Orioles notes: Trey Mancini gets refresher at first base before return to natural position

CHICAGO — Orioles rookie Trey Mancini took early infield practice at Guaranteed Rate Field before batting practice Tuesday to work on his first base defense ahead of his start in place of Chris Davis. Mancini said the position hasn't gotten too far away from him in his recent transition to the outfield.

"I don't feel too far," he said. "I've been playing there my whole life, so it's not like going out to the outfield and doing that [meant] playing at first base has really left me too much, I'd say.


"I still feel comfortable there. That's what I've been doing my whole life. Every inning of my minor league career was there, so I'm definitely comfortable over there."

Mancini took over for Davis on Monday night when he left with a right oblique strain, and chastised himself for letting a hard-hit ball go past him as he got ahead of himself and tried to start a double play.


He said calming down in the field is one of his greatest improvements since signing in 2013 out of Notre Dame, but that play reminded him to slow down.

"When I got drafted, I was pretty antsy and in a rush, even if I had a lot of time," Mancini said. "I think it's more relaxing and just making sure I field the ball first, which actually last night, I had that hard ball that got by me. It was kind of a tough play. I got blocked by the runner, but that's a play I should have made, and I worked on that today.

"I started to turn to go to second before I had the ball. So just making sure I had the ball and slowing it down. That's something I've gotten better at, but sometimes things like that happen."

Brach wants a shot: In his new role as deputy closer, Brad Brach has had to watch much of the team's recent struggles from the bullpen as manager Buck Showalter keeps him in reserve for save situations.

Before he pitched a scoreless eighth inning on Monday to get some work in, Brach had made eight appearances in the last month. Even allowing for some rest after he was worked hard in the season's first month-plus, it's been difficult being on the outside watching.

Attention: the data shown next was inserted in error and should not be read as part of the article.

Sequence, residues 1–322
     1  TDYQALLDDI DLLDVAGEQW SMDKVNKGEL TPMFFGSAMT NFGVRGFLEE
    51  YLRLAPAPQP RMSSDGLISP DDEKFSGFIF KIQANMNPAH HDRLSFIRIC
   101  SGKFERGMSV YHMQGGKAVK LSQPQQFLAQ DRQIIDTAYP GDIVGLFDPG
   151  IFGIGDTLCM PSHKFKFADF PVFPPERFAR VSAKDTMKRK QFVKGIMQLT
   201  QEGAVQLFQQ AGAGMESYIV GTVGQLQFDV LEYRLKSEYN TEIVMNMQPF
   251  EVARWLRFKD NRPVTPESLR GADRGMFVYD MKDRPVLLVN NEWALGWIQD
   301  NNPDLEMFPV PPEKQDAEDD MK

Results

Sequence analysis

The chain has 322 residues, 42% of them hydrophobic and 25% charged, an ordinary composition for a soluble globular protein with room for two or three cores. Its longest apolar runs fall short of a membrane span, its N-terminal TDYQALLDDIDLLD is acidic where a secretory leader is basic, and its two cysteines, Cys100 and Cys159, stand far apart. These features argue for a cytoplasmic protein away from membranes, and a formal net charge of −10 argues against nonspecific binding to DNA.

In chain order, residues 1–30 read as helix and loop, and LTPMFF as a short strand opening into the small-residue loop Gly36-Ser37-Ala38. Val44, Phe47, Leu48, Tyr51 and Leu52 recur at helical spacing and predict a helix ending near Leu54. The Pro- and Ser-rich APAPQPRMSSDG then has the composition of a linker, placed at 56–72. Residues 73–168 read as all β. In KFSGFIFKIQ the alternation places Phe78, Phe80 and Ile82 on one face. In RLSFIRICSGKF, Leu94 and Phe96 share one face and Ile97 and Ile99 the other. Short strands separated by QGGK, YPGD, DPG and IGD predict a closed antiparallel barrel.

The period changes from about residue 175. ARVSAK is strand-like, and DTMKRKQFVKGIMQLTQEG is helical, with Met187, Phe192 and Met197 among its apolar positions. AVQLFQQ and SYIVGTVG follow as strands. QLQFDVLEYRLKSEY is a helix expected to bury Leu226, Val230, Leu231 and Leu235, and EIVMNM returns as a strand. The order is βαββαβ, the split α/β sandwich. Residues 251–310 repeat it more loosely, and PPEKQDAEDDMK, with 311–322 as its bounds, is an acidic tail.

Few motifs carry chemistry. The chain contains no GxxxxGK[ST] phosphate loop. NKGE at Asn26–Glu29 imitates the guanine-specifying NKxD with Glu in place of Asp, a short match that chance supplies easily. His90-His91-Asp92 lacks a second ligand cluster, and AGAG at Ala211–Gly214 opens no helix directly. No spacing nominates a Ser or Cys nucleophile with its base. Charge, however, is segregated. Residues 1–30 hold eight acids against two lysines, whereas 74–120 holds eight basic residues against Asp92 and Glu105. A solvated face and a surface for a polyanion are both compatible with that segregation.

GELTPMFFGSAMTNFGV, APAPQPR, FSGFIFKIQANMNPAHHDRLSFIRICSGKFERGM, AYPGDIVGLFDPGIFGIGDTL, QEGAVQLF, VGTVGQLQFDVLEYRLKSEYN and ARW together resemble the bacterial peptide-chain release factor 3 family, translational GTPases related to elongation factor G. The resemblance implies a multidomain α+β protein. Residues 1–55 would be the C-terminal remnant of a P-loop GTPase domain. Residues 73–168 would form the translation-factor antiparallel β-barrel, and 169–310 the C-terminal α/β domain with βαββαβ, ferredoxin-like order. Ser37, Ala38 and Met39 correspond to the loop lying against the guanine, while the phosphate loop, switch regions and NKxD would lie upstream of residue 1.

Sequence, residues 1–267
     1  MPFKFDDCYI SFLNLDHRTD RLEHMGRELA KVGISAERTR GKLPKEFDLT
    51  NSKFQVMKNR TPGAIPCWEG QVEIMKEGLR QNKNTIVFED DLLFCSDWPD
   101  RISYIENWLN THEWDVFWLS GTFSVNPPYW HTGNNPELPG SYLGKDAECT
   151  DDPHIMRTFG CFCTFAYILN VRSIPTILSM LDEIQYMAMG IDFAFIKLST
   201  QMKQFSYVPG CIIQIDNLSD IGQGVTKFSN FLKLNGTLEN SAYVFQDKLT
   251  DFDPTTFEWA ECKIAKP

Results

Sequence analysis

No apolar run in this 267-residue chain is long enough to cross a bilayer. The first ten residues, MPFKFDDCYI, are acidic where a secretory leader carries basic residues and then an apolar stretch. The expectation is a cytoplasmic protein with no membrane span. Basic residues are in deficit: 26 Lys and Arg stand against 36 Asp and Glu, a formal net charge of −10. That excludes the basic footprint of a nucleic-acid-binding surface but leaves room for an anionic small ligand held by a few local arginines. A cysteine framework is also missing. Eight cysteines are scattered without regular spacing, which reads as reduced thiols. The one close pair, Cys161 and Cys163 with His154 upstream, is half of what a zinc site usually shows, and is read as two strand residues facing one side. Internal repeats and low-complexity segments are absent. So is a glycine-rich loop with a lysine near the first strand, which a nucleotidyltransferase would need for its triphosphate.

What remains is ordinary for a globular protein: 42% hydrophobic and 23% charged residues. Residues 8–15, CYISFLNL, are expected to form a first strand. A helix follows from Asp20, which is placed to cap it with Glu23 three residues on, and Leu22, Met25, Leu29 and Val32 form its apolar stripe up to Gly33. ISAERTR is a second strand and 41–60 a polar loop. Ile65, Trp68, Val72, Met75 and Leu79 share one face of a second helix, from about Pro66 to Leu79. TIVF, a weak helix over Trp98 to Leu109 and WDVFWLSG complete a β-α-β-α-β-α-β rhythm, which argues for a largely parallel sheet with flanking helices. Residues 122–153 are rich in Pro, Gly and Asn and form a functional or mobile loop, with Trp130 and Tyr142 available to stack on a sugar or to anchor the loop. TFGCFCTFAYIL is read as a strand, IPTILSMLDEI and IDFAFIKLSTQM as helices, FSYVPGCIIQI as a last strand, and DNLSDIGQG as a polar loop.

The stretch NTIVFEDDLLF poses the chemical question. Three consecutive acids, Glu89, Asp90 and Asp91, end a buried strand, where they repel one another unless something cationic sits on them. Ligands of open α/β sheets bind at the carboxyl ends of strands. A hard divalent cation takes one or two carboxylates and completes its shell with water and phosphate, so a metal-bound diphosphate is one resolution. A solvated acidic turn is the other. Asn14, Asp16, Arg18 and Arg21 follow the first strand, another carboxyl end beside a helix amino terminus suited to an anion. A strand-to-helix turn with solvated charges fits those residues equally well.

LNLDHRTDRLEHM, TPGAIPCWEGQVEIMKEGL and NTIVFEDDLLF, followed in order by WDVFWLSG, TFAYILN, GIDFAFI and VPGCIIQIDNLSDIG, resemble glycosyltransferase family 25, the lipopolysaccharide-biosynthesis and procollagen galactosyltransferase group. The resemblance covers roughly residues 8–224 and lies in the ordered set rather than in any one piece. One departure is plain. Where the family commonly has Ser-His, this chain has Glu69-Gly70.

"It's tough, especially a weekend like we had there, watching guys go out there and just struggle," Brach said. "I want to do something to help, and I wish there was something I could do, but it's just one of those things.

"We're going to start winning games here eventually, and you've just got to be ready to go when it happens. I know my time is going to come when I get used. It's just unfortunate that there's nothing else I can do."

A minor league closer all the way up through the San Diego Padres organization, Brach said he only began remembering what those long stretches of inactivity in losing streaks were like when he emerged as a late-inning setup man for the Orioles in the past two years.


"When you go through stretches of winning, you're going to pitch a lot," Brach said. "When you go through stretches of losing, you have to wait your turn. If you pitch when you're losing, you're going to throw 95 games a year. It's one of those things where you've got to wait for your opportunity and be ready to take it."

Yacabonis reflects on debut: Now that he's had a bit of time to decompress from a major league debut at Yankee Stadium on Sunday — no small feat for a player from New Jersey—rookie reliever Jimmy Yacabonis had a good perspective on the outing.

He allowed four runs on two hits and a pair of walks after striking out the first batter he faced, and said the inning of work showed him how important it was to get and stay ahead of hitters.

"Granted, I got thrown into it against a pretty hot team there, and those were two pretty good hitters that really hurt me — [Aaron] Hicks and [Aaron] Judge — those are two of the hottest hitters in baseball right now," Yacabonis said. "So, I think just getting ahead is the main thing — getting ahead and staying ahead, and executing off-speed pitches.

"For the most part, I wasn't really that nervous. I felt pretty comfortable. I kind of yanked a couple two-seams that if they'd stayed on the plate, I probably would have gotten outs against [Ronald] Torreyes and [Brett] Gardner, but I also threw a lot of good pitches. I threw a couple good pitches to Judge, too, that I thought were strikes. It's just one of those things. It's a learning curve going forward and I think the biggest thing I learned is just making sure I get ahead of guys — get that first strike over and be smart from there."

Around the horn: Catcher Francisco Peña cleared waivers and was outrighted to Triple-A Norfolk on Tuesday, while veteran right-hander Edwin Jackson cleared waivers but decided to become a free agent. ... Showalter said infielder Ryan Flaherty (shoulder) threw for a second straight day in Sarasota, Fla., and felt good. … Reliever Darren O'Day (shoulder) "feels a little better every day," Showalter said, though it's still unclear whether he can be activated once his 10-day disabled list period is up Saturday.